About ten years ago, my wife Randi was doing one of her very favorite things. She was shopping at Nordstrom with her best friend, Debbie. As Randi was putting on a pair of jeans in the dressing room, Debbie noted that Randi’s hands were shaking so much that she could not zip up the jeans. Debbie said, “You must really be excited about those jeans!” and Randi replied, “Debbie, I am scared, I cannot control this shaking.”
That was our very first sign that something was wrong with Randi. Randi had been in banking her entire career and had risen to the level of vice president. Coworkers began asking Randi if her neck hurt because she looked so stiff. She was also having problems with taking notes in meetings. We went to several neurologists and finally got the diagnosis: Parkinson’s disease. Randi was granted a short term medical leave of eight weeks. The doctor suggested that Randi stay as active as she possibly could and that she should take a class on something that interested her. Randi decided to take an introductory class in watercolor painting. Randi had studied art for a while in college, but had not touched a brush in over thirty years. This is where Randi’s story takes a wonderful turn.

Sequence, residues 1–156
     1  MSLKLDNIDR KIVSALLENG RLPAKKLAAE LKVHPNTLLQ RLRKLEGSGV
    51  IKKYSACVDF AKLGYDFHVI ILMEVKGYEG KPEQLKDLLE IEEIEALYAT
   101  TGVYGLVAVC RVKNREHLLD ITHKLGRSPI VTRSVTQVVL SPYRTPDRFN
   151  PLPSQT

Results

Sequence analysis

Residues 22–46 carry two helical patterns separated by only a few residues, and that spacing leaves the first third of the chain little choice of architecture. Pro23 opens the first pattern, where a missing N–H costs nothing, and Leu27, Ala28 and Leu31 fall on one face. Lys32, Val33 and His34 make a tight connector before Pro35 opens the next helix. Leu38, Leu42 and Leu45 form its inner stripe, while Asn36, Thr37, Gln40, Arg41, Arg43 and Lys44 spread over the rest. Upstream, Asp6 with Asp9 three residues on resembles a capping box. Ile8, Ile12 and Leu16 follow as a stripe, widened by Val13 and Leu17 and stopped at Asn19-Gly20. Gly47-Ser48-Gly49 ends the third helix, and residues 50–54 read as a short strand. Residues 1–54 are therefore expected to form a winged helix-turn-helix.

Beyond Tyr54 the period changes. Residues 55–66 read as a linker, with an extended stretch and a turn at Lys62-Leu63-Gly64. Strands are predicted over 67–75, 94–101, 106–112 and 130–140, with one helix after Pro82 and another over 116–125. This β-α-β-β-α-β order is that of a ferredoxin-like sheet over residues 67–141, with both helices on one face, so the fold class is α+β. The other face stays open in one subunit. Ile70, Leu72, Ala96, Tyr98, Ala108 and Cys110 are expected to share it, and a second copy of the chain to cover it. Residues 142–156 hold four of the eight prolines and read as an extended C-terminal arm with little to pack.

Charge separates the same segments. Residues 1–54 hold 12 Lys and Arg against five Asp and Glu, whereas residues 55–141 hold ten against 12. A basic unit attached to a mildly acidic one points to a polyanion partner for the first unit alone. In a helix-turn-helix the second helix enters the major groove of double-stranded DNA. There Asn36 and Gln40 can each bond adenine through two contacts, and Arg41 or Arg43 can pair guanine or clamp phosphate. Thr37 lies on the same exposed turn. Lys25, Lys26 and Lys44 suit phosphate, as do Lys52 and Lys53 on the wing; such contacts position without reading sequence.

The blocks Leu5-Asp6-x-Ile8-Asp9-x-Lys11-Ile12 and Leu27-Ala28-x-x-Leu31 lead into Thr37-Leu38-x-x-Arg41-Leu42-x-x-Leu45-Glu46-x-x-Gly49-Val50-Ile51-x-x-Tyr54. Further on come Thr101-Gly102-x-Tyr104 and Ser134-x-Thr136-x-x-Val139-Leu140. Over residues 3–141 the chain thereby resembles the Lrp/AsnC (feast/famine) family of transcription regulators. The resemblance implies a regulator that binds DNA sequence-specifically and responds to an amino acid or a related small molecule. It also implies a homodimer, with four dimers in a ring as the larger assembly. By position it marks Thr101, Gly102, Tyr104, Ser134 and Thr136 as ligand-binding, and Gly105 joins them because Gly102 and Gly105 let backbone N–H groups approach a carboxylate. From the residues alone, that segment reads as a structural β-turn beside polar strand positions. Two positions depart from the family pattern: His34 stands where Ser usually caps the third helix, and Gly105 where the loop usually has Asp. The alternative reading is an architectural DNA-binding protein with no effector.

The class opened Randi up to a talent that she never knew existed. She discovered a natural ability in watercolor painting! The micrographia symptom of Parkinson’s (tiny handwriting) became an asset in creating minute detail in her paintings. She has since created many wonderful paintings including portraits and landscapes of her native Norway. Randi particularly enjoys painting portraits of dogs (we have two, ourselves). She has painted portraits of friends’ pets that have literally brought the owners to tears of emotion.
The saying that when one door closes another door opens has been very true in Randi’s case and can be true for you as well. Randi’s secret is that she has stayed sensitive to what activities she can enjoy while living with Parkinson’s disease. Watercolor painting and two Mah Jongg leagues keep her mentally stimulated and socially active. She also still enjoys riding along with me in the golf cart, offering much needed advice, and trying a pitch or a putt now and then!
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